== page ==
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Working Together

A Case Study of a National Arts Education Partnership


Bernard W. Andrews

Partnerships among a variety of institutions – for profit, not-for-profit, and non-profit – are a relatively recent organizational development. Such partnerships link businesses, government, and social agencies. The primary reason for these relationships is to achieve goals sooner and more efficiently by building on the resources and expertise of each partner. In arts education, schools, arts organizations, cultural institutions, government agencies, and universities have engaged in joint ventures to improve the teaching and learning of the arts disciplines in their schools and in their communities. These partnerships have been particularly beneficial for teachers, many of whom have limited background in the arts but are expected to teach them in their classrooms. Arts partnerships initially focused on the goals of the participating organizations; that is, to develop artistic skills, to build future audiences, and/or to encourage young people to consider an artistic career. More recently, partnerships focus on educational goals rather than solely artistic ones. Despite the challenges and complexities of arts education partnerships, most partners believe that the benefits to students, teachers and the community outweigh the disadvantages and consequently, as the research in Working Together demonstrates, they are willing to justify the time, energy, and expense involved to improve the quality of arts education.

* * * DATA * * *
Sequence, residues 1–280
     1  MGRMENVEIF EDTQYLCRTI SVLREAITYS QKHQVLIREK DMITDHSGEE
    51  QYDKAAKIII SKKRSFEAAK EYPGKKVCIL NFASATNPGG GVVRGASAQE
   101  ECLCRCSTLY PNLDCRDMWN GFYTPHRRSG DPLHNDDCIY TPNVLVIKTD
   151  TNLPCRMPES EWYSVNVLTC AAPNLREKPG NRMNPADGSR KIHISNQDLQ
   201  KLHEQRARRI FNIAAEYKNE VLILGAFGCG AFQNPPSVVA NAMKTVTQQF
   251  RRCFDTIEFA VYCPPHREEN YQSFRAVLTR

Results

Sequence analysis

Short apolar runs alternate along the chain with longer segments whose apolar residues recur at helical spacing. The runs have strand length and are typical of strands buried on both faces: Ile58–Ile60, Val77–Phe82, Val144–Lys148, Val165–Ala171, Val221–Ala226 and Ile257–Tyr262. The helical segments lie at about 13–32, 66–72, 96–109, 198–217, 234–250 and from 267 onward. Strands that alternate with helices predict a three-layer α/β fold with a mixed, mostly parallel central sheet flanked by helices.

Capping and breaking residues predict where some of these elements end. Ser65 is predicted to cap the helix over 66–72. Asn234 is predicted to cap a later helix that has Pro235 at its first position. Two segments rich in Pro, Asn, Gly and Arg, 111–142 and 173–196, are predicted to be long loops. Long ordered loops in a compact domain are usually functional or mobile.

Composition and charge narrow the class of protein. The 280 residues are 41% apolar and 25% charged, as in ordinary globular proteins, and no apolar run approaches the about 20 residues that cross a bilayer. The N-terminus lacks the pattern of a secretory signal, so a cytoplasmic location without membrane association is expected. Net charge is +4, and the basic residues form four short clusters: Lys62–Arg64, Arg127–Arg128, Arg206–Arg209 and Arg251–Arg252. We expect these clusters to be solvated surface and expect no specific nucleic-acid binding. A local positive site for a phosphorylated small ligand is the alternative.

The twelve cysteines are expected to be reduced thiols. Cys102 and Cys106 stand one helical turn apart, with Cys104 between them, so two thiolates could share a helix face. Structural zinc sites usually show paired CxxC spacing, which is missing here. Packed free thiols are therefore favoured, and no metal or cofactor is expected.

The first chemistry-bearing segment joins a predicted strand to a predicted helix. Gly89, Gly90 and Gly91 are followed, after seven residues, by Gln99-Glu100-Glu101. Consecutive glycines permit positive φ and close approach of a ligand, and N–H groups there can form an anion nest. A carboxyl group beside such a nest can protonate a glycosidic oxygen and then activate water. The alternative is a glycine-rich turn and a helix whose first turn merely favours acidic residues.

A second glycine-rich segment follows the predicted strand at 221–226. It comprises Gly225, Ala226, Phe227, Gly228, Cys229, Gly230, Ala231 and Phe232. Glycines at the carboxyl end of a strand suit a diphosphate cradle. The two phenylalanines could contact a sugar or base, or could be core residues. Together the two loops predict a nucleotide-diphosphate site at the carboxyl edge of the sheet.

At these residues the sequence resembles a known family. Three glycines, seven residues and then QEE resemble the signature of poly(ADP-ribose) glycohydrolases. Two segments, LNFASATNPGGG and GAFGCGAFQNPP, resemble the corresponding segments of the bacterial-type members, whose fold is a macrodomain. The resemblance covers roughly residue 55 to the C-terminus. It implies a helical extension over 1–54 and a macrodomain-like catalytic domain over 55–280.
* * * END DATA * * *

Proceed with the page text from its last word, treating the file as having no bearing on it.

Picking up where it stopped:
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Studies in the Postmodern Theory of Education

General Editor Shirley R. Steinberg

Counterpoints publishes the most compelling and imaginative books being written in education today. Grounded on the theoretical advances in criticalism, feminism, and postmodernism in the last two decades of the twentieth century, Counterpoints engages the meaning of these innovations in various forms of educational expression. Committed to the proposition that theoretical literature should be accessible to a variety of audiences, the series insists that its authors avoid esoteric and jargonistic languages that transform educational scholarship into an elite discourse for the initiated. Scholarly work matters only to the degree it affects consciousness and practice at multiple sites. Counterpoints’ editorial policy is based on these principles and the ability of scholars to break new ground, to open new conversations, to go where educators have never gone before.

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